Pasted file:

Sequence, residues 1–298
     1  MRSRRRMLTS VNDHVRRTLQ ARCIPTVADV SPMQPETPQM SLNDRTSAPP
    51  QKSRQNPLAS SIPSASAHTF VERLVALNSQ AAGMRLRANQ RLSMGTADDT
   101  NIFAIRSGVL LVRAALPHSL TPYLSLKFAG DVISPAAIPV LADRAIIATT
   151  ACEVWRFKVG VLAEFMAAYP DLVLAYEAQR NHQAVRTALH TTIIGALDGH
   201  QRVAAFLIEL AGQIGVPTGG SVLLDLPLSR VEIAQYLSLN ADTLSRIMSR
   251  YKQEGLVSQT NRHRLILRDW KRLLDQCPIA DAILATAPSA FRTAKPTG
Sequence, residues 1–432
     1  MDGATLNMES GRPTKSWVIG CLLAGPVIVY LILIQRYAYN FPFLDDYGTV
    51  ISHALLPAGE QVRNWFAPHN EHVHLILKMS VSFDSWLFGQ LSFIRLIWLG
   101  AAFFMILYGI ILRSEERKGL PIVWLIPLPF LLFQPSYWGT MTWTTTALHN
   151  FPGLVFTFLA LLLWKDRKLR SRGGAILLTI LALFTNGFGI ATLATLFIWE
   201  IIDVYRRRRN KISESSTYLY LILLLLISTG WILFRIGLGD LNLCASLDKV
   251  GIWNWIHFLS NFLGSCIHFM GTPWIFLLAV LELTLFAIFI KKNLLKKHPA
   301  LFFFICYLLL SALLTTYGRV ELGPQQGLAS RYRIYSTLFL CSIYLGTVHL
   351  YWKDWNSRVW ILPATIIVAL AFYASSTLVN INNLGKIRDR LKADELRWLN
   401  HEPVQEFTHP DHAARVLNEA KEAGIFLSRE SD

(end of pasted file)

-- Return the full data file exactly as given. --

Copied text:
Sequence, residues 1–298
     1  MRSRRRMLTS VNDHVRRTLQ ARCIPTVADV SPMQPETPQM SLNDRTSAPP
    51  QKSRQNPLAS SIPSASAHTF VERLVALNSQ AAGMRLRANQ RLSMGTADDT
   101  NIFAIRSGVL LVRAALPHSL TPYLSLKFAG DVISPAAIPV LADRAIIATT
   151  ACEVWRFKVG VLAEFMAAYP DLVLAYEAQR NHQAVRTALH TTIIGALDGH
   201  QRVAAFLIEL AGQIGVPTGG SVLLDLPLSR VEIAQYLSLN ADTLSRIMSR
   251  YKQEGLVSQT NRHRLILRDW KRLLDQCPIA DAILATAPSA FRTAKPTG
Sequence, residues 1–432
     1  MDGATLNMES GRPTKSWVIG CLLAGPVIVY LILIQRYAYN FPFLDDYGTV
    51  ISHALLPAGE QVRNWFAPHN EHVHLILKMS VSFDSWLFGQ LSFIRLIWLG
   101  AAFFMILYGI ILRSEERKGL PIVWLIPLPF LLFQPSYWGT MTWTTTALHN
   151  FPGLVFTFLA LLLWKDRKLR SRGGAILLTI LALFTNGFGI ATLATLFIWE
   201  IIDVYRRRRN KISESSTYLY LILLLLISTG WILFRIGLGD LNLCASLDKV
   251  GIWNWIHFLS NFLGSCIHFM GTPWIFLLAV LELTLFAIFI KKNLLKKHPA
   301  LFFFICYLLL SALLTTYGRV ELGPQQGLAS RYRIYSTLFL CSIYLGTVHL
   351  YWKDWNSRVW ILPATIIVAL AFYASSTLVN INNLGKIRDR LKADELRWLN
   401  HEPVQEFTHP DHAARVLNEA KEAGIFLSRE SD